The EF91 was used as an output valve in at least one model of TV!

[Now to start promoting EF91-based audio (headphone?) amps: And do EF91s with the blue coating on the inner of the glass sound 'better' than those without? And do Mullard EF91s sound better than Brimar's blue-bandless equivalent the 6AM6?]
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Old 18th Feb 2019, 6:30 pm   #75
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They still haven't reached a consensus on which ECC83 sounds best, and look how long diligent listeners have been working on that.

EF91, 6AM6, Z77.... hmm, anything with a Z or a Q in it sounds exotic or special. Mind you Zs and 7x are a bit angular and pointy. The Z77 isn't going to sound smooth, is it?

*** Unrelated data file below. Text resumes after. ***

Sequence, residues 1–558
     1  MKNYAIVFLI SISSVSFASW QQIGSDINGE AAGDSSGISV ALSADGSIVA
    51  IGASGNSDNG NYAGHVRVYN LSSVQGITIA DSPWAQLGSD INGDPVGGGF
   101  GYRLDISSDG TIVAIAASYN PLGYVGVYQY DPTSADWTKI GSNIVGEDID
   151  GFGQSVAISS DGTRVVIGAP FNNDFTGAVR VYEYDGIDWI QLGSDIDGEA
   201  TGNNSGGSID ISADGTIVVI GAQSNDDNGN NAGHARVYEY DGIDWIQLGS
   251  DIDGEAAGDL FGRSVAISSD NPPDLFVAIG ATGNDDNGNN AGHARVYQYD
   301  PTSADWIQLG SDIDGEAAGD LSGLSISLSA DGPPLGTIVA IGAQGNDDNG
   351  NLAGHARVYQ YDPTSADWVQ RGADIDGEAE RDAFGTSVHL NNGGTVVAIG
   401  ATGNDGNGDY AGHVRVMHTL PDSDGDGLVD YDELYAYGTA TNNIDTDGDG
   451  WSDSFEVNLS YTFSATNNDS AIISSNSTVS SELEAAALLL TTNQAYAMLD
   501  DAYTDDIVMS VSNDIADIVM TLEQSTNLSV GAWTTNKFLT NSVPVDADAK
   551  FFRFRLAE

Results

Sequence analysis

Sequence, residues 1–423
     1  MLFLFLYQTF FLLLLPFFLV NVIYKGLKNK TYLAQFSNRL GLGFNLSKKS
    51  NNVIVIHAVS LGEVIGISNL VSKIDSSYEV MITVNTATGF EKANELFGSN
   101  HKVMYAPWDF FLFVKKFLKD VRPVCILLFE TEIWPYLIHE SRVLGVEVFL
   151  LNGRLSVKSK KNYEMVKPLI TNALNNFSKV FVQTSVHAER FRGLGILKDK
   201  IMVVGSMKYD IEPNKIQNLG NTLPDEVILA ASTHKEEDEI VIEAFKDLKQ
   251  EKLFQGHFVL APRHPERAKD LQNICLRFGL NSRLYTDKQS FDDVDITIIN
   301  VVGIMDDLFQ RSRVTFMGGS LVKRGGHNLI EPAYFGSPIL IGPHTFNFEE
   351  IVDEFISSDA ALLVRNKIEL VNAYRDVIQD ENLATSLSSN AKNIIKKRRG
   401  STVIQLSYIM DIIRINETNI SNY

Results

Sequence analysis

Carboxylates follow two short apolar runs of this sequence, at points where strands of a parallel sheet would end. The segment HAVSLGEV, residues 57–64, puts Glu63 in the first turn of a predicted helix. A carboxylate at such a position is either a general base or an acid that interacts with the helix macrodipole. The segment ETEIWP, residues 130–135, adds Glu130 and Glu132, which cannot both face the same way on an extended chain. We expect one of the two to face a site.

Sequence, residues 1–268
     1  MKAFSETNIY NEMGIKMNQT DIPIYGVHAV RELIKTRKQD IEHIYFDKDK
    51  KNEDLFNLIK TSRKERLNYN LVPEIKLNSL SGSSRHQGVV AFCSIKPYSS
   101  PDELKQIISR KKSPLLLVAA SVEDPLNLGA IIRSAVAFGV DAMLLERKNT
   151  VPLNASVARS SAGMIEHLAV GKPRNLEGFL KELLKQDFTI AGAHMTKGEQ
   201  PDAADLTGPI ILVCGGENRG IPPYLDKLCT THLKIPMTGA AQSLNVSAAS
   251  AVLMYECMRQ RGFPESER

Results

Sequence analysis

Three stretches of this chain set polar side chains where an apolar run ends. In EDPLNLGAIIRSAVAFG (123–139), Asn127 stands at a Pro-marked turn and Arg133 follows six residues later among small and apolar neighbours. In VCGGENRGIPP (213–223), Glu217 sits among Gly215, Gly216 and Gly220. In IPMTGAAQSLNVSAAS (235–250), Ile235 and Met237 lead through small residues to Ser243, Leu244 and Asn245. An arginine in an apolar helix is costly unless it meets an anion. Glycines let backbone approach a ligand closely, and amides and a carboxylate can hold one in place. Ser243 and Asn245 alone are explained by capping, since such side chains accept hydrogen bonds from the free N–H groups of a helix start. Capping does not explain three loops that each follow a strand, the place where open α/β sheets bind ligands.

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Old 18th Feb 2019, 7:27 pm   #76
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Marconi Z77s were used in the record / replay amplifier of the EMI TR50 and TR51 tape machines - I never tried the blue Mullard EF91s to see if they were better though...
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Old 18th Feb 2019, 7:30 pm   #77
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You seem to be confusing guitar amp's and audio amp's (although I suppose both are audio amp's, but you know what I mean).

I have never seen anyone suggest any valve swapping in audio amp's outside of what equipment manufacturers or websites such as the Valve Museum suggest, or very close equivalents with different pin-outs (which require adapters or rewiring).